Narrative, Gender, and Masquerade in the American Novel, 1853-1920
AuthorJessee, Margaret Jay
William Dean Howells
American Novel of Manners
AdvisorZwinger, Lynda M.
MetadataShow full item record
PublisherThe University of Arizona.
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EmbargoDissertation Not Available (per Author's Request) / University of Arizona affiliates can find this item in the ProQuest Dissertations and Theses Database
AbstractNarrative, Gender, and Masquerade tracks the way the American novel of manners structures itself on representations of a pair of purportedly opposite and opposing women, the fair, innocent girl and the dark, tempting seductress. This opposition increasingly merges into sameness even as the novel in which it appears labors to keep the two characters separate in order to stabilize its textual architecture of thematic and formal binaries. Presenting itself as a text closely related to a social reality, the American novel of manners is structured as a masquerade: purporting to reveal as it conceals, conjuring readerly doubt as to the nature of both mask and reality. There are two main theoretical traditions in the study of masquerade. The first, the anthropologically-inflected cultural and literary historical approach to masks and masquerade, typically is applied to literary texts to explain religious and political historical exigencies as reflected in a given work of literature. The second, the psychoanalically-based theory of femininity as a masquerade, is most often deployed to use the text as a means of explaining the male gaze, desire, and gender performance. My reading of the American novel as gendered rests on dissolving the disciplinary borders between the two, thereby focusing reading on the form of the novel as well as its relation to its cultural, historical, and literary context. The novels I analyze situate women into stereotypical binary roles of the virgin and the seductress. These narratives register a duality between reality and representation that is analogous to the gender masking the novels take as their theme.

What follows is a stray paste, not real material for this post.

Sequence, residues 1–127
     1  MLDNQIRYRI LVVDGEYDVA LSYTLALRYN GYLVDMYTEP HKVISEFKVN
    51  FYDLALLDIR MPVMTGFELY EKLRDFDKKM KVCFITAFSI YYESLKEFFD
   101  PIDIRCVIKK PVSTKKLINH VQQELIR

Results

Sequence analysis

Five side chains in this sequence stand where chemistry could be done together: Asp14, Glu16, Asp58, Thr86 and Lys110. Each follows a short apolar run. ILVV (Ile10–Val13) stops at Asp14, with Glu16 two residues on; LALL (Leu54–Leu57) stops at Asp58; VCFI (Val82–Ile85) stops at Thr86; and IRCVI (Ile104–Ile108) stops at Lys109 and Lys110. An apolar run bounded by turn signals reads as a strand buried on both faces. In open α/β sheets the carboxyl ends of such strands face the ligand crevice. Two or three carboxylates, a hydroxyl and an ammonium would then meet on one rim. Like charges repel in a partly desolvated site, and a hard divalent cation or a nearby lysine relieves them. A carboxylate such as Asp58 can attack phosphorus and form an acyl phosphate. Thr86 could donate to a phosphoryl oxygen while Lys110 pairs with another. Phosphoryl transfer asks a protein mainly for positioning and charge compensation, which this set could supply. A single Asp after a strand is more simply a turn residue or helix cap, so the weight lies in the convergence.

Degree ProgramGraduate College